Document Type

Conference Proceeding

Publisher

Edith Cowan University, Western Australia in association with Khon Kaen University, Thailand and Bansomdejchaopraya Rajabhat University, Thailand.

Comments

Originally published in the Proceedings of the EDU-COM 2008 International Conference. Sustainability in Higher Education: Directions for Change, Edith Cowan University, Perth Western Australia, 19-21 November 2008.

Abstract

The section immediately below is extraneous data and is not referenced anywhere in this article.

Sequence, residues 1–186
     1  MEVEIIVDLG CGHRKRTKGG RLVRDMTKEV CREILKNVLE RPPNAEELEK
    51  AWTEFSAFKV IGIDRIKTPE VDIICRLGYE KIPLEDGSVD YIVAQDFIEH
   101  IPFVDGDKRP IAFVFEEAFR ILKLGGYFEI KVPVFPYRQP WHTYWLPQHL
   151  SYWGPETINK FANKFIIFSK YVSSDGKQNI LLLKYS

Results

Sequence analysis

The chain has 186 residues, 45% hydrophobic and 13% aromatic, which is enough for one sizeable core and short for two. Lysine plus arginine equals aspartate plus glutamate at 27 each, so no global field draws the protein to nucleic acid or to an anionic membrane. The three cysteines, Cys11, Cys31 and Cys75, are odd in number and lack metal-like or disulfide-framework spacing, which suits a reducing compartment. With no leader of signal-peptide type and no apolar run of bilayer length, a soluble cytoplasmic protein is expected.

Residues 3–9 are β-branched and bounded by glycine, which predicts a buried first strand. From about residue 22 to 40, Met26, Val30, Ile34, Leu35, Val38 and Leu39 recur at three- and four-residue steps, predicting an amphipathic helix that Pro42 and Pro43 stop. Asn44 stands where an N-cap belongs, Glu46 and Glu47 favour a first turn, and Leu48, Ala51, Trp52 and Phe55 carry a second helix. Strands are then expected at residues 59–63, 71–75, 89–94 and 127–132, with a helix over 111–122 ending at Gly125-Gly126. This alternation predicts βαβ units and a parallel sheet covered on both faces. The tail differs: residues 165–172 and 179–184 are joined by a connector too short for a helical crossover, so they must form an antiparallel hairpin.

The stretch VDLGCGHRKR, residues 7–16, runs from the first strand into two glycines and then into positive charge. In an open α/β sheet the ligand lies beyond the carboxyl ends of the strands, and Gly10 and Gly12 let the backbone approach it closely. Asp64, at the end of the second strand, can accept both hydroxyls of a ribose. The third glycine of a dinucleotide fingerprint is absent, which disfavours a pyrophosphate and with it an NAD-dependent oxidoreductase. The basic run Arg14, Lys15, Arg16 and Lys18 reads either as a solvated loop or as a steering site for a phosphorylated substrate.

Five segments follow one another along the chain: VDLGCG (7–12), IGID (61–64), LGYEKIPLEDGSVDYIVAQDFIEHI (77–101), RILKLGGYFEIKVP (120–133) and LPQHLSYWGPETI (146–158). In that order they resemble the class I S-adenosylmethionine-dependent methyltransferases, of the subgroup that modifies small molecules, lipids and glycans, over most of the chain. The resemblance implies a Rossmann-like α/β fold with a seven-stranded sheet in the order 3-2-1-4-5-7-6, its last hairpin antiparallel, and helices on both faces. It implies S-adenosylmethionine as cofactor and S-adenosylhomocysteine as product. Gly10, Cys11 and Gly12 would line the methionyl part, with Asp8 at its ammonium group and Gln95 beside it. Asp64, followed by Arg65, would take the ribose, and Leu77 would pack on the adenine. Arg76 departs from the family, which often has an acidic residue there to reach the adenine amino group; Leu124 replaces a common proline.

The purpose of this study was to identify differences in student motivation and attitude in relation to cognitive styles between two types of instruction (virtual and traditional). The study‘s participants were 40 first-year students enrolled in the Metal Technology Department at Rajamangala University of Technology Phra Nakhon Thailand. All students were doing a virtual reality module within one course and traditional lecture within another. The students completed a cognitive style test (Group Embedded Figures Test) which classified students as either field-dependent (FD) or field-independent (FI). Students also completed a questionnaire designed to measure motivation and attitude. The sample included 20 field-independent and 20 field-dependent students. Results indicated that those FD students were more motivated than were FI students towards the Virtual reality learning environment versus a traditional lecture, they also held more positive attitudes. However, the difference between the two was not significant.

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